313 BQ Nuclear Power 1AC

313 BQ Nuclear Power 1AC - FILE NAME DDI 2008 Your...

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FILE NAME DDI 2008 <BQ>    Your Name 1AC Contention 1 – Inherency Nuclear energy is the alternative to fossil fuels but current incentives don’t work  Jack Spencer is a Research Fellow at the Thomas A. Roe Institute for Economic Policy Studies at the Heritage Foundation. 11/15/ 07 . “Competitive Nuclear Energy Investment: Avoiding Past Policy Mistakes” http://www.heritage.org/Research/EnergyandEnvironment/bg2086.cfm Nuclear power is a proven, safe, affordable, and environmentally friendly alternative to fossil fuels. It can generate massive quantities of electricity with almost no atmospheric emissions and can offset Amer ica's growing dependence on foreign energy sources . The French have used it to minimize their dependence on foreign energy , and at one time the United States was on the path to do the same. However, the commercial nuclear energy industry in the U.S. is no longer thriving. Investors hesitate to embrace nuclear power fully, despite significant regu latory relief and economic incentives. This reluctance is not due to any inherent flaw in the economics of nuclear power or some unavoidable risk. Instead, investors are reacting to the historic role that federal, state, and local governments have played both in encouraging growth in the industry and in bringing on its demise. Investors doubt that federal, state, and local governments will allow nuclear energy to flourish in the long term. They have already lost billions of dollars because of bad public policy 1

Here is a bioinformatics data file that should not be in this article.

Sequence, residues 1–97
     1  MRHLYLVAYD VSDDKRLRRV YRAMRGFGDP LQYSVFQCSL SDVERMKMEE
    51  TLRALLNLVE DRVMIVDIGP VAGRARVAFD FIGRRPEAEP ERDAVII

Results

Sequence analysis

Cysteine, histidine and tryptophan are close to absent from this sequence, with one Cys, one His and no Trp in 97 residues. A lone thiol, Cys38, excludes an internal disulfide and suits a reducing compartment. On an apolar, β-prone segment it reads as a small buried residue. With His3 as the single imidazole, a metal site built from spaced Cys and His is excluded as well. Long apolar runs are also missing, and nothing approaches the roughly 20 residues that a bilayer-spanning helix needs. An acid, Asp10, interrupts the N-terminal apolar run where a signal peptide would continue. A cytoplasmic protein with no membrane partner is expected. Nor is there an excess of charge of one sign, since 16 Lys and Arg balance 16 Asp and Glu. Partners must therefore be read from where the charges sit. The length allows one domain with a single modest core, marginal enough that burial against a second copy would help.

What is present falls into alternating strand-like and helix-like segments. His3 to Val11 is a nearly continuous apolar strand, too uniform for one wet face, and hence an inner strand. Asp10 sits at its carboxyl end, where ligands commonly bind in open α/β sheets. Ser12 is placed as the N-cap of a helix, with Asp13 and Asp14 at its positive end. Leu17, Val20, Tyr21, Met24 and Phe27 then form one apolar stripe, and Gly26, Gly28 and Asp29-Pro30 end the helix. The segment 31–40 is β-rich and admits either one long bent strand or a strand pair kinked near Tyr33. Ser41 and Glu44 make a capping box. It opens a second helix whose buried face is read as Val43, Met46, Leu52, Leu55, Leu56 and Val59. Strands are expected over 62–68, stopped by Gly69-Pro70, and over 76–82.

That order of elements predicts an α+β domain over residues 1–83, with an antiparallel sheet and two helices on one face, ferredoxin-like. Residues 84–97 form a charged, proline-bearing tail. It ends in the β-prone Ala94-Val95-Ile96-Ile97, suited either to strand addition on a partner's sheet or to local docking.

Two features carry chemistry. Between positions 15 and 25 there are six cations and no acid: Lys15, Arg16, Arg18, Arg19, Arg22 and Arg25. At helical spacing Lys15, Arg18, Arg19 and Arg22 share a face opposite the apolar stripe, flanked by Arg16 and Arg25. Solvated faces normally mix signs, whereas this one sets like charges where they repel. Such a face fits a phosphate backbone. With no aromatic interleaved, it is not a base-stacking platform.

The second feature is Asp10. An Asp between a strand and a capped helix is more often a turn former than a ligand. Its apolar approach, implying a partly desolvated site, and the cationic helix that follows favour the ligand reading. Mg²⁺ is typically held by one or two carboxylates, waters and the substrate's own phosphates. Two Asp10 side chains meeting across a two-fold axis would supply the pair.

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FILE NAME DDI 2008 <BQ>    Your Name 1AC Contention II: Proliferation Industrial and developing nations surpass the US in nuclear energy Nicolas Loris and Jack Spencer , Research Assistant and Research Fellow Institute for Economic Policy Studies at The Heritage Foundation, 7/2/ 08 , The Heritage Foundation, “Nuclear Energy: What we can learn from other countries” http://www.heritage.org/Research/Energyandenvironment/wm1977.cfm France is an example of a country that developed nuclear energy to reduce foreign energy dependence after the oil shock of the 1970s. It now receives nearly 80 percent of its electricity from nuclear power and is a net exporter of electricity . [1] Germany, alternatively, decided to phase out nuclear energy for political reasons and now imports some of this energy.[2] Japan is another country that has looked to nuclear power as a clean, safe and reliable form of energy. Nuclear power already provides 30 percent of the country's electricity ; however, Japan is working to increase this to 37 percent by 2009 and 41 percent by 2017.[3] Finland, ranking fifth in the world for per capita electricity consumption, has a significant incentive to secure long-term energy solutions. Embracing nuclear energy as part of an effort to decrease the nation's dependency on foreign energy sources, Finland has begun constructing a modern 1,600-megawatt reactor, which will likely be a model used throughout the United States. Finland already gets 28 percent of its electricity from nuclear power, and a
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313 BQ Nuclear Power 1AC - FILE NAME DDI 2008 Your...

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